Work: Christmas Concerto, Op. 6 no 8
About This Work
Although one cannot be sure, Arcangelo Corelli's famous Christmas Concerto -- the Concerto grosso in G minor, Op. 6, No. 8 ("Fatto per la notte di Natale," as the inscription actually reads) -- may well have been composed a full quarter
century before it first appeared in print, posthumously, in 1714; there is a record of Corelli having, in 1690, performed a Christmas Concerto for the enjoyment of his then-new patron, Cardinal Pietro Ottoboni. The Christmas Concerto is easily Corelli's best-known piece of music, though isolated movements from the sonatas have, through other composers' adaptations, achieved vast individual fame. It is at heart an example of the sonata da chiesa, expanded from the usual four movements to five and incorporating into the last movement a rolling, 12/8 meter Pastorale ad libitum. Like the rest of the Op. 6 concerti, it is scored for a concertante group consisting of two violins and a cello and a larger tutti ensemble.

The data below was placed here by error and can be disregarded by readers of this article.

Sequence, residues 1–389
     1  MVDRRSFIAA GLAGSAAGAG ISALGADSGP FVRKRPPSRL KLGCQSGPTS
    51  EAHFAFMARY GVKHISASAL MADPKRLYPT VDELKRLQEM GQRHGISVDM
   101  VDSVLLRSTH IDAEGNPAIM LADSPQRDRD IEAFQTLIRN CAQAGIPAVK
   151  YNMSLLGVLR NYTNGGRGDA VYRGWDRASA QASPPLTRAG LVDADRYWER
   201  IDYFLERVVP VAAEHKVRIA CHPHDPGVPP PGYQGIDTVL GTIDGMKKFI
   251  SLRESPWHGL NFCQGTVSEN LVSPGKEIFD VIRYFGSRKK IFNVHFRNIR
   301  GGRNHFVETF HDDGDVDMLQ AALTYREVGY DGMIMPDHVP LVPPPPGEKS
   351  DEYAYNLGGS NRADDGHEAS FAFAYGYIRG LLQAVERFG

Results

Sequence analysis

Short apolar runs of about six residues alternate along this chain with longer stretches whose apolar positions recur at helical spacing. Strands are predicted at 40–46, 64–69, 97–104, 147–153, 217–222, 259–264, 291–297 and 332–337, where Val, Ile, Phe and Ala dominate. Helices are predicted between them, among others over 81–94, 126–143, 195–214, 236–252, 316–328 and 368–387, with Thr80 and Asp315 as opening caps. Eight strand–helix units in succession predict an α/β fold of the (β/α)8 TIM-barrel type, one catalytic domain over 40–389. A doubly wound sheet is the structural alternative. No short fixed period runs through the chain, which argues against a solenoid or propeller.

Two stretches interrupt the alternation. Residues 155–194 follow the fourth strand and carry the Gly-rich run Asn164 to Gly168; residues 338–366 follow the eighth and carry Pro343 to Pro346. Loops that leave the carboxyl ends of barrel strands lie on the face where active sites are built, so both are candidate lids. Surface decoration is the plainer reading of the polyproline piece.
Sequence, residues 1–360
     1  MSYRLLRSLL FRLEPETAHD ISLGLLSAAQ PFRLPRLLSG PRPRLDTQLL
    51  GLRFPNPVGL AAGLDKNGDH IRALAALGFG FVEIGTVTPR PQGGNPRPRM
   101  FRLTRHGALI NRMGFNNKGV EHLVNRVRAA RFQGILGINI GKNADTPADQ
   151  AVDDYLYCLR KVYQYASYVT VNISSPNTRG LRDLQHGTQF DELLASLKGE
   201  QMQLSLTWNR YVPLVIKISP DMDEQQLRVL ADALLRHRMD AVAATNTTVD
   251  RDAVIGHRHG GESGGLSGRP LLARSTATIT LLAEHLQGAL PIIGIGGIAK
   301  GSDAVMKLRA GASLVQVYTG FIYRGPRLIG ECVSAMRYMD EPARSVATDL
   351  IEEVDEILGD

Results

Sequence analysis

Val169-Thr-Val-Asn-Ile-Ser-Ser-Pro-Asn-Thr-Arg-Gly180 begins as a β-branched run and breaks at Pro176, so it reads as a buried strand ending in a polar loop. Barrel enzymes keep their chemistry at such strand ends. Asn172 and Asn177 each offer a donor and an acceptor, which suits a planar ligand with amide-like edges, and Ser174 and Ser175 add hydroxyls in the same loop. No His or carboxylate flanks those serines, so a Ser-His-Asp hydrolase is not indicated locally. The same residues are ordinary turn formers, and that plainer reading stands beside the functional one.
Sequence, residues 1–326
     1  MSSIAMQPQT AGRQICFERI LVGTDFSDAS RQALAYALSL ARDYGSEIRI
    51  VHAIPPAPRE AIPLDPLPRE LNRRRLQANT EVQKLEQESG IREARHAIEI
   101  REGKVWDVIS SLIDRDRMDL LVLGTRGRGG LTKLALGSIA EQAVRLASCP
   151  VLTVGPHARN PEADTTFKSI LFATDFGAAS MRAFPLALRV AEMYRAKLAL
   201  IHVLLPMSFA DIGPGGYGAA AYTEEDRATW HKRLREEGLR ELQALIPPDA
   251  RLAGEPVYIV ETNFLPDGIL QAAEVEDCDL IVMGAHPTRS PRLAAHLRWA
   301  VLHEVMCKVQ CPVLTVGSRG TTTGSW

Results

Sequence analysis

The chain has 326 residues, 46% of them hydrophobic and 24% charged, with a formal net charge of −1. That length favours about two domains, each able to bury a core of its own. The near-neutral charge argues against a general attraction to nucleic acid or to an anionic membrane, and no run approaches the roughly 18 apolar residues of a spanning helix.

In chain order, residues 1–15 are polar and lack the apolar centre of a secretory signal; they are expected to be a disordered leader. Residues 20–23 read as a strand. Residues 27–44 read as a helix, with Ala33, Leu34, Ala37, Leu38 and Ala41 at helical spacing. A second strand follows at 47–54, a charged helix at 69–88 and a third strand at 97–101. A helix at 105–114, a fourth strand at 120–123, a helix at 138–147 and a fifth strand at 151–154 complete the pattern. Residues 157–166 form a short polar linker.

The second movement is in the usual binary form, and is built around Corelli's favorite kind of staggered, imitative suspensions. The fourth movement, Vivace, which would normally be the finale, is very short, so as to make room for the sizeable fifth movement, the body of which is an Allegro, but the true heart of which is that most famous of all Corelli music: the lovely, serene Pastorale (Largo).
-- Blair Johnston, All Music Guide
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